The Japanese government has offered $1.5 billion in near-term aid for the reconstruction of Iraq. The payment is the largest financial contribution to be offered by a state that is not affiliated to the Coalition Provisional Authority (CPA).
According to Japanese media, the funds are just the first installment of what could be a five-billion-dollar finance package. The aid will be injected into the Iraqi power, education, water and employment sectors.
Iraq needs some $36 billion for reconstruction for the years 2004 to 2007, according to the findings of by the United Nations Development Group (UNDG) and the World Bank Group with assistance from the International Monetary Fund (IMF). The EU has suggested putting up $250 million, Canada has made an offer of $200 million and the US has requested from Congress a $20 billion budget for Iraqi assistance for 2004. Final offers will be presented at the Donor Conference in Madrid on October 23-24, 2003.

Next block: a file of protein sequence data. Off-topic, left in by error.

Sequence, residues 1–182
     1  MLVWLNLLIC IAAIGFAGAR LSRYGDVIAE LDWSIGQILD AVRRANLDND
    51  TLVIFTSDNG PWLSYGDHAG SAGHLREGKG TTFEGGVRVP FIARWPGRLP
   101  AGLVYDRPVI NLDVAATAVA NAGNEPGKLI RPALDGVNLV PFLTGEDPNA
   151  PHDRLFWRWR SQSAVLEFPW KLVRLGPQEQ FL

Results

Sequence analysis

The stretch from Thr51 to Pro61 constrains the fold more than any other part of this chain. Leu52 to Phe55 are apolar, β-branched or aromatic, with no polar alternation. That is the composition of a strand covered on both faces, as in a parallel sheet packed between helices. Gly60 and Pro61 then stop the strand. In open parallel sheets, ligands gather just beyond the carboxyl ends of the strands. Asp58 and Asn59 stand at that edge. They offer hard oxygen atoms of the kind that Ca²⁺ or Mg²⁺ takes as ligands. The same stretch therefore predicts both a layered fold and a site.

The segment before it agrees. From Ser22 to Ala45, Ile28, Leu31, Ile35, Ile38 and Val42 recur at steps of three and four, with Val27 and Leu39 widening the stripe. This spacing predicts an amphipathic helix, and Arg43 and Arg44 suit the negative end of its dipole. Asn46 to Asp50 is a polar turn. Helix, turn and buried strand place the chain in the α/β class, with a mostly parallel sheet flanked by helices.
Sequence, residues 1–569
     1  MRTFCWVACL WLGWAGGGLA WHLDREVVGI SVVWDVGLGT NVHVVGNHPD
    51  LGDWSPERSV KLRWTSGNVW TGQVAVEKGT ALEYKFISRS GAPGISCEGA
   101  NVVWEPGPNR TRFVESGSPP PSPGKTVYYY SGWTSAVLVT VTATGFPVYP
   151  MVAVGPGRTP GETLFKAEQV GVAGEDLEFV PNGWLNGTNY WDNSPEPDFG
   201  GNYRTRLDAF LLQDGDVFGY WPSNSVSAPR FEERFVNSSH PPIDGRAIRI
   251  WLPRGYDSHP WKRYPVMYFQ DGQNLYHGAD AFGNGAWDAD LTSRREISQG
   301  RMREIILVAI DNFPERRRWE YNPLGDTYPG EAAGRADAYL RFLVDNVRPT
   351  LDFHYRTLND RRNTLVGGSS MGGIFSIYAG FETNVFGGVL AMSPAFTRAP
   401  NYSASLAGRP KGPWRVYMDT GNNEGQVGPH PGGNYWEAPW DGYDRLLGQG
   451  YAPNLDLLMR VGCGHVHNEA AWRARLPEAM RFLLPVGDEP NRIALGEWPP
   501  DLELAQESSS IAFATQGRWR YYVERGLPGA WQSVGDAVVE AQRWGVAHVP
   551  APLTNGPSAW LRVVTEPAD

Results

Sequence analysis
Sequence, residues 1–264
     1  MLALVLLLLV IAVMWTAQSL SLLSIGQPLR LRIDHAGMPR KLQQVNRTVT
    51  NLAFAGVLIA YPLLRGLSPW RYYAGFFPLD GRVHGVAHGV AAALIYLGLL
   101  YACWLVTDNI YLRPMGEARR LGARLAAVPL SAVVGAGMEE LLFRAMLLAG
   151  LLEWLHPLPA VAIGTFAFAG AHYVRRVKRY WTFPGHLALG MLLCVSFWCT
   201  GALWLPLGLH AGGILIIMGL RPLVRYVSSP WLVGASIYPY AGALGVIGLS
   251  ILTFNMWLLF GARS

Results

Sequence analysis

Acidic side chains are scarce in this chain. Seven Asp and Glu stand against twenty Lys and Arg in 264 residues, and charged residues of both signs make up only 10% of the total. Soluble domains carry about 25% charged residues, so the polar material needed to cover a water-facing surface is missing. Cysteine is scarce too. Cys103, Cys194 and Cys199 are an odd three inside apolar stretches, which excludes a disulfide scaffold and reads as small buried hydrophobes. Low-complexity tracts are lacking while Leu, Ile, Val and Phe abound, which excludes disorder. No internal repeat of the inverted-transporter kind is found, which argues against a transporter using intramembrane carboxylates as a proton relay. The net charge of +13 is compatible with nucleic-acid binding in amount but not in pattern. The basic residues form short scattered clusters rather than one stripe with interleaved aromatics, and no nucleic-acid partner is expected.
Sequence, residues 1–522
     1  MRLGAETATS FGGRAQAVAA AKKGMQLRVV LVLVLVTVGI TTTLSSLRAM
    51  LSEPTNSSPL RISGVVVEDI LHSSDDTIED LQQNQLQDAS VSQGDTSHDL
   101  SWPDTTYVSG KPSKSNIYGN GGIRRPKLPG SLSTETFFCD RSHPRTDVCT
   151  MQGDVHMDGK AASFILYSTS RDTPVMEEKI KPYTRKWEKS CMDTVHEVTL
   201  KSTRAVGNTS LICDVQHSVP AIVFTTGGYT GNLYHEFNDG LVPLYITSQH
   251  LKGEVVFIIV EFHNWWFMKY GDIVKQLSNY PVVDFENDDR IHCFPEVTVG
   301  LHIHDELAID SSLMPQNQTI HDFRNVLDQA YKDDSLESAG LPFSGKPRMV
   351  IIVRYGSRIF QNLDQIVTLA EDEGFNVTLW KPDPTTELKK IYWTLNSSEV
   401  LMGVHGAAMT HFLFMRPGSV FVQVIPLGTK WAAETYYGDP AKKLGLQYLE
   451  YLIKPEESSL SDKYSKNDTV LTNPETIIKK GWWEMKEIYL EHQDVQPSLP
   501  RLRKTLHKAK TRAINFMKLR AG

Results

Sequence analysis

Japan gave Iraq $11 billion after the 1991 Gulf War. In September, the Japanese Ministry of Finance announced the transfer of over $98 million in Iraqi frozen assets to the Development Fund for Iraq. — (menareport.com)
© 2003 Mena Report (www.menareport.com )